And I'm in no way an expert at this stuff. I'd suggest a couple of lessons with a dedicated voice instructor. I got 4 50min lessons for $180 and it was absolutely worth it.
     
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  9. knight_yyz

    knight_yyz Gold Member

    Joined:
    Mar 14, 2015
    Location:
    Hamilton, Ontario
    Isn't this what a capo is for? Lol
     
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  10. KapnKrunch

    KapnKrunch Gold Member

    Joined:
    Jul 13, 2016
    Location:
    Yes
    I have been working on my singing for the past year or so. I am bored with trying to be a guitar god.

    No lessons, but I think I am getting better.

    At my high range limit I just try to hit the note accurately with decent expression of feeling. I have not been a fan of "power" singing since Janice Joplin died. I like the way Dolly Parton hold back on her volume as her pitch rises on each reptition of the name "Jolene". Most singers rise in pitch AND volume effectively ruining the song.

    I am working on breath control today. I use "Slip Sliding Away" (Paul Simon) and "VeraCruz" (Warren Zevon) as practice pieces.

    Also, I use the Bare Naked Ladies: "Say you'll never love another 'til you love yourself, well brother, I'm in love with everyone I see!" (All one breath, loud as possible)

    When going to falsetto, it's sometimes important to find the correct place to switch for a subtle transition. Therefore, work on the low end of your falsetto as well. Example: "Don't Dream It's Over" (Crowded House), I start my chorus in falsetto so there is no noticeable change at the word "dream".

    Be sure to carefully and respectfully try songs with melody that use tricky notes that could easily be changed to something else (by mistake). "Been to Canaan" (Carol King), "Loves Shines" (Ron Sexsmith), "VeraCruz".

    These comments subject to revision by real singers of course. Lol.
     
    Last edited: Jan 8, 2020
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  11. Guitar101

    Guitar101 Gold Member

    Joined:
    Jan 19, 2011
    Location:
    Gores Landing, Ontario
    This guy has a lot of free videos out there you can check out. More about singing than playing and singing though.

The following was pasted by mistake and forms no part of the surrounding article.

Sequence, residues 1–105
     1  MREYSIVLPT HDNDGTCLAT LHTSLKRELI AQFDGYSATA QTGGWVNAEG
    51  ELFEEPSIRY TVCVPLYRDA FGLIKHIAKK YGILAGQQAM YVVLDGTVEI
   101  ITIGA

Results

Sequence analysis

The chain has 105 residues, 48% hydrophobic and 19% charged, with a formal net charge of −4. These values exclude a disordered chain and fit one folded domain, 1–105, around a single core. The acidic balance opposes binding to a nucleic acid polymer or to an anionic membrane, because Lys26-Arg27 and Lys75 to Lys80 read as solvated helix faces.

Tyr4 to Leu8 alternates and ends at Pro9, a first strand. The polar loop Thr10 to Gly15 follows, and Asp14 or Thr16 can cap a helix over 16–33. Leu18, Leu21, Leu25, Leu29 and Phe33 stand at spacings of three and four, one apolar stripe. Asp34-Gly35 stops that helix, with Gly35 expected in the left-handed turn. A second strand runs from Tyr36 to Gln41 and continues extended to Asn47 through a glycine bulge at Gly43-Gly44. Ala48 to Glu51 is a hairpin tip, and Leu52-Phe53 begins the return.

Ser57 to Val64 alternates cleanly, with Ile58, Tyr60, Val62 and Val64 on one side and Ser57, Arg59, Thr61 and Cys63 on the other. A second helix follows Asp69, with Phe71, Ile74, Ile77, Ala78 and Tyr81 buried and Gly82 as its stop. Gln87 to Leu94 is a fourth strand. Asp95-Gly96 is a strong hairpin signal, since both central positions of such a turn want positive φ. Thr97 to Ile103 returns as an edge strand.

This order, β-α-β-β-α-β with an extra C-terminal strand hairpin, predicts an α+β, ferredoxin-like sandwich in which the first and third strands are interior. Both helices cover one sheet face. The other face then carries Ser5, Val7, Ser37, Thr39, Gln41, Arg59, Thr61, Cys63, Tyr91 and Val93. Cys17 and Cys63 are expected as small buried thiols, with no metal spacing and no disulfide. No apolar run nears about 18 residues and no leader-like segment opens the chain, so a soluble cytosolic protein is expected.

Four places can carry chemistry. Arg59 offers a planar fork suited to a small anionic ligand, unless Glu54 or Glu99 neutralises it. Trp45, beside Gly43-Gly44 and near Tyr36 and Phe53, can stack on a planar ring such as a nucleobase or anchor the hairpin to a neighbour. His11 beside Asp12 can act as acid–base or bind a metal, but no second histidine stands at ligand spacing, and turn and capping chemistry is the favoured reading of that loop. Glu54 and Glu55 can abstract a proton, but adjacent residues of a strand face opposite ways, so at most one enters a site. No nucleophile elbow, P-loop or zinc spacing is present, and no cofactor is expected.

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  12. Doug Gifford

    Doug Gifford

    Joined:
    Jun 8, 2019
    Location:
    Gananoque
    If your full singing voice (not indoor voice) gets thin and squeaky on the high notes, that's too high. Try the song in a lower key. If you're inaudible on the low notes, try raising the key.

    And find a voice teacher. A good voice teacher is worth his/her weight in gold and you will never lose what you've learned.
     
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  13. laristotle

    laristotle Gold Member

    Joined:
    Aug 29, 2019
    Location:
    acton
    I can sing while playing guitar, including tough syncopations like Hendrix/Lynott, but,
    I find it a more difficult with bass. I'm comfortable with back up/harmonies there.
     
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  14. Scottone

    Scottone Gold Member

    Joined:
    Feb 10, 2006
    Location:
    Toronto, Ontario, Canada
    Yep, I actually never used a capo until I started singing :)
     
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  15. Wardo

    Wardo

    Joined:
    Feb 5, 2010
    Location:
    South Ontario
    So what's this about a living room voice and a difference if you are at a jam or something and maybe requiring a transpose for this.

    I switch some songs into to different keys for vocal but not many and I sing fairly loud at home on either electric or acoustic - but I'm not finding any big difference at a jam other than what the PA adds and nothing that would suggest to me that I need to switch that to a different key if there's a band involved.